Lady Capulet then comes to visit Juliet. Juliet is puzzled because she doesn’t know why her mother wants to see her so soon. Lady Capulet thinks that Juliet is woeful because her cousin Tybalt is dead, because she doesn’t know that Juliet and Romeo are married. Lady Capulet tells Juliet that she hopefully wishes to see that villain Romeo dead soon. Juliet pretends that she wishes so too, and in the same time says that she loves Romeo in a hiding manner. Then Lady Capulet informs Juliet of Capulet’s plan that she’ll be married to County Paris on Thursday in Saint Peter's Church. Juliet is shocked and quickly refuses the marriage and says “I will not marry yet; and, when I do, I swear, it shall be Romeo, whom you know I hate, rather than Paris. These are news indeed!” Her mother says that she should say this to her father, and in the same time Capulet and Nurse enter the room. When Capulet finds out that Juliet refuses his will, he becomes furious and threatens to disown Juliet if he doesn’t marry Paris on Thursday. After he exits the room, Juliet begs her mother for help, but Lady Capulet refuses to speak and leaves.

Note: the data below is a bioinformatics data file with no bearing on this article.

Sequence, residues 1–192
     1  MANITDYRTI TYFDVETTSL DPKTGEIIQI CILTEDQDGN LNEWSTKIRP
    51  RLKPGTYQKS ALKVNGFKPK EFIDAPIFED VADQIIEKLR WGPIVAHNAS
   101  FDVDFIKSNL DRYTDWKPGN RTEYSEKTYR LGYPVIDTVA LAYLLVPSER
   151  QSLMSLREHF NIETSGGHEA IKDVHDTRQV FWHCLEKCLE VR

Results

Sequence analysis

After Capulet and Lady Capulet leave Juliet’s chamber, Juliet asks Nurse to help her prevent this sudden marriage. Nurse tells her that Paris is a better match than Romeo, and she should go through with the marriage to Paris because Romeo can be considered dead anyhow. Although Juliet is disgusted by Nurse’s statement, she pretends to agree her and tells her that she’s going to the church to make confession to Friar Lawrence. While going to the church, Juliet says that she’ll never trust Nurse again, and if Friar Lawrence is unable to help her, she’ll gladly kill herself.
    Act 4, Scene 1
    In Friar Lawrence’s cell, he talks to Paris about his marriage to Juliet which is coming soon on the next Thursday. Paris believes that Juliet is sad because of his cousin Tybalt’s death, and her father, Capulet, thinks that they should marry even sooner so that Juliet becomes happy again and forget her loss. Friar still remarks to himself that the marriage should be delayed because Juliet is already married to Romeo and nobody knows it.